“I didn’t think about the ordinance in regards to the [homeless-veterans] center because we’re having so many problems with these convenience stores opening up and selling beer,” said at large City Director Joan Adcock. “If an issue comes to us, the Board of Directors is allowed to consider things like neighborhood input, social issues and other things, and the board does not always agree with the Planning Commission’s recommendation.”
Adcock was one of a handful of directors who have complained about how businesses selling alcohol are approved and how many of those stores can be put in a neighborhood or a close proximity to one another.

Moore and several city directors hope the ordinance will address those concerns, but officials at the state Alcoholic Beverage Control Division said the agency’s board does not consider local zoning matters when permitting alcohol sales.

“The city already gives notice, as far as I know, to the local neighborhood associations when someone applies for an alcohol permit,” said agency Director Michael Langley. “It looks like they have a desire to make all alcohol sales a conditional use. From a legal standpoint, I don’t know that they can do that. It would be up to folks to seek relief through the circuit courts on that.”
The other facilities that would require city approval if the ordinance is passed include rooming, lodging and boarding facilities; family-care facilities; group-care facilities; establishments of religious, charitable or philanthropic organizations; community welfare or health centers; establishments for care of alcoholic, narcotic or psychiatric patients; “beverage” shops; stores where beverages make up not more than 10 percent of the floor space; and pawnshops.
Moore said the ordinance language will be clarified before the board meeting Tuesday to specifically include convenience stores that sell beer and wine.

By Claudia Lauer
Front Section, Pages 1 on 02/03/2012
Print Headline: For veterans clinic, hurdle in the works

Evelyn Hills Sporting Healthy Outlook

2011 brought a renaissance of sorts to Evelyn Hills Shopping Center, which for decades was a bustling center of commerce in Fayetteville but fell on leaner times as retailers migrated north toward Joyce Boulevard.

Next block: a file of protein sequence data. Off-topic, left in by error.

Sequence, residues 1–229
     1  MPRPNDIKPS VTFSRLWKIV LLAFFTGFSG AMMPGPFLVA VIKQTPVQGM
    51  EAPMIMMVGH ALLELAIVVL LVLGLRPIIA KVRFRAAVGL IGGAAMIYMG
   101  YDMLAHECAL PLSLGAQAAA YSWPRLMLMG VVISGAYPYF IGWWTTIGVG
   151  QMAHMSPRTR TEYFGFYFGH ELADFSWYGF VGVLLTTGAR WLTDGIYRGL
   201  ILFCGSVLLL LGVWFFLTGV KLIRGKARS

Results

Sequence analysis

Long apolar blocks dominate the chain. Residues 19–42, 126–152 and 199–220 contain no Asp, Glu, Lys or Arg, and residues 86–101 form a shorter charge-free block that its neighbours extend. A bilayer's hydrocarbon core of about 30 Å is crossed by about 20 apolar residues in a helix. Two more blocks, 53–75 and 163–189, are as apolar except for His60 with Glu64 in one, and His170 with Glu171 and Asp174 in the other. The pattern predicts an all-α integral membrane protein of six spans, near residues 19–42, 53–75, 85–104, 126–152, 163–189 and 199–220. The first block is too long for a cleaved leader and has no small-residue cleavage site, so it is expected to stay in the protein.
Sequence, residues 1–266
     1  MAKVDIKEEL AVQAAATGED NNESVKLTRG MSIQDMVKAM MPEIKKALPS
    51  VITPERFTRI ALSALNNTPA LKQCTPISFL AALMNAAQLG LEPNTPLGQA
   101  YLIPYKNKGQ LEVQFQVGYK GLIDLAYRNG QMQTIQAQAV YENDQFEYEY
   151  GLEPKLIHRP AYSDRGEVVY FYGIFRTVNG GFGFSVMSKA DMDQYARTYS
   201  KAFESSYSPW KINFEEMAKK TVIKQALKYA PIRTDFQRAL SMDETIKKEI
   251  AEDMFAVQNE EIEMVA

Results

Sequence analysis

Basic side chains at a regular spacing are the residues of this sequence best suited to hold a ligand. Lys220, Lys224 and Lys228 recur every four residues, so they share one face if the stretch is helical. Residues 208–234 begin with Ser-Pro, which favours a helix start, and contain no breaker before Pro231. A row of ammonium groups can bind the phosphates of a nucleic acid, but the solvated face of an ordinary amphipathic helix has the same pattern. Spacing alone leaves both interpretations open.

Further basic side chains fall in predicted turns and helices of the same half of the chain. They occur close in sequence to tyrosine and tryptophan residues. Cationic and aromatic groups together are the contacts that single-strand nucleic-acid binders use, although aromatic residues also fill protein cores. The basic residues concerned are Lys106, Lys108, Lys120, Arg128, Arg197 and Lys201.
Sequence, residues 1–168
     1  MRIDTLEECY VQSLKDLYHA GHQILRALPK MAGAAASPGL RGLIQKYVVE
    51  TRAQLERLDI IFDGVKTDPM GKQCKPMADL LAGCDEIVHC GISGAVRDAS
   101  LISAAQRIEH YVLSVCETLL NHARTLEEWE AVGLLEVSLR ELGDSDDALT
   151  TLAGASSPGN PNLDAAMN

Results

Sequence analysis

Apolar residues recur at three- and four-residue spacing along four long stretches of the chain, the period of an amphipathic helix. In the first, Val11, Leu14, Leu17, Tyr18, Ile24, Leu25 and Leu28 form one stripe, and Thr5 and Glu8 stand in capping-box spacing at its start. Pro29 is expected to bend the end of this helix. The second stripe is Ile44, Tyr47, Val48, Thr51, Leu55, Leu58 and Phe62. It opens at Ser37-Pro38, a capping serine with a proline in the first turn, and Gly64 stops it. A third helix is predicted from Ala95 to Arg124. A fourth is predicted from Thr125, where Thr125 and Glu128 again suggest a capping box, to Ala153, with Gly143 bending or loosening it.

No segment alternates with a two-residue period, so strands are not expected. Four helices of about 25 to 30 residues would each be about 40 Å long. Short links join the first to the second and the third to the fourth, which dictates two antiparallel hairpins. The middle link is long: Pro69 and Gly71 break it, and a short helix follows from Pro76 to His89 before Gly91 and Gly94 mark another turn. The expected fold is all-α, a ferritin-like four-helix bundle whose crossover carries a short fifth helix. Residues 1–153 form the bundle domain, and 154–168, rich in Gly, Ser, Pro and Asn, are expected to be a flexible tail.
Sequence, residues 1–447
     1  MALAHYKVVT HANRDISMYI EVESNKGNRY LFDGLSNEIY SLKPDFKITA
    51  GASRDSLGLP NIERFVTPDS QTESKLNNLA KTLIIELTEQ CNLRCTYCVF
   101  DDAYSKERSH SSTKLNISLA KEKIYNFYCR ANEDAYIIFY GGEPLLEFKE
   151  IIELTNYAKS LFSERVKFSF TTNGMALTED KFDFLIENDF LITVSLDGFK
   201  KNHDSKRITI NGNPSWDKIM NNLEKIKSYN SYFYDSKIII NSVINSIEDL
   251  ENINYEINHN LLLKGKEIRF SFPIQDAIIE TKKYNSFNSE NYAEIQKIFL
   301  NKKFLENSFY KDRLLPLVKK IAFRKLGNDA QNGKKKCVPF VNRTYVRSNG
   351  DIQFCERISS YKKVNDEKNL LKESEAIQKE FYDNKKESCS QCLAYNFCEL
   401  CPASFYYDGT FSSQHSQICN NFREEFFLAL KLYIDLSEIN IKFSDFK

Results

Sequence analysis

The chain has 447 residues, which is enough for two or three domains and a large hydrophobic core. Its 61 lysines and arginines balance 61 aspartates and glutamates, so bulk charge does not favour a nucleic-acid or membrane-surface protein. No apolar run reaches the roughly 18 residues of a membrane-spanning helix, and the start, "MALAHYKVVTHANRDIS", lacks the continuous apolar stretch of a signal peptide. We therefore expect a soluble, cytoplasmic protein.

In 2002, the 155,000-SF center on North College Avenue at Memorial Drive was nearly half-vacant. And over the last 10 years, it’s seen plenty of retailers and restaurants come and go.

But Northwest Arkansas’ oldest shopping center added eight new businesses last year, bringing the current total to 25. That leaves only two large spaces – about 10,800 SF and 5,800 SF, respectively – and a few smaller office-type spaces vacant, said Matt Dearnley, CEO of Flake & Kelley Commercial Northwest, which leases and manages the property.

Jordan Jeter, a partner with Flake & Kelley, said they’ve got some leads on the larger spaces and hope to get those filled soon.

To view the full article from Arkansas Business.

ChainLinks National Retail Investment Report

ChainLinks Retail Advisors is proud to present the inaugural edition of their U.S. National Retail Investment Report. This report covers investment trends across all regions of the United States as well as top deals transacted. It also details historical sale trends for retail properties of all types. Among the shopping center types that are covered are regional malls, neighborhood and community centers, power centers and strip centers. ChainLinks also covers single tenant retail properties ranging from drug stores and fast food properties to standalone big box properties of all size ranges. This report will be published on a semiannual basis following the close of the first and third quarters of each year. For the inaugural edition, ChainLinks includes major deal transacted since the beginning of the year.

Flake & Kelley Commercial is the ChainLinks affiliate for Arkansas. Through ChainLinks, we are part of a nationwide network that facilitates expansion, disposition, relocation and repositioning efforts on a local, regional and national basis. For over 30 years ChainLinks has been and remains the largest retail-only real estate services organization in the world. Within the retail industry ChainLinks serves the full range of clients, including restaurants and hospitality providers. They maintain 110 offices in 23 countries on three continents. Our 1,000+ agents, brokers and consultants represent 2,000 retailers and 500 landlords on an exclusive basis.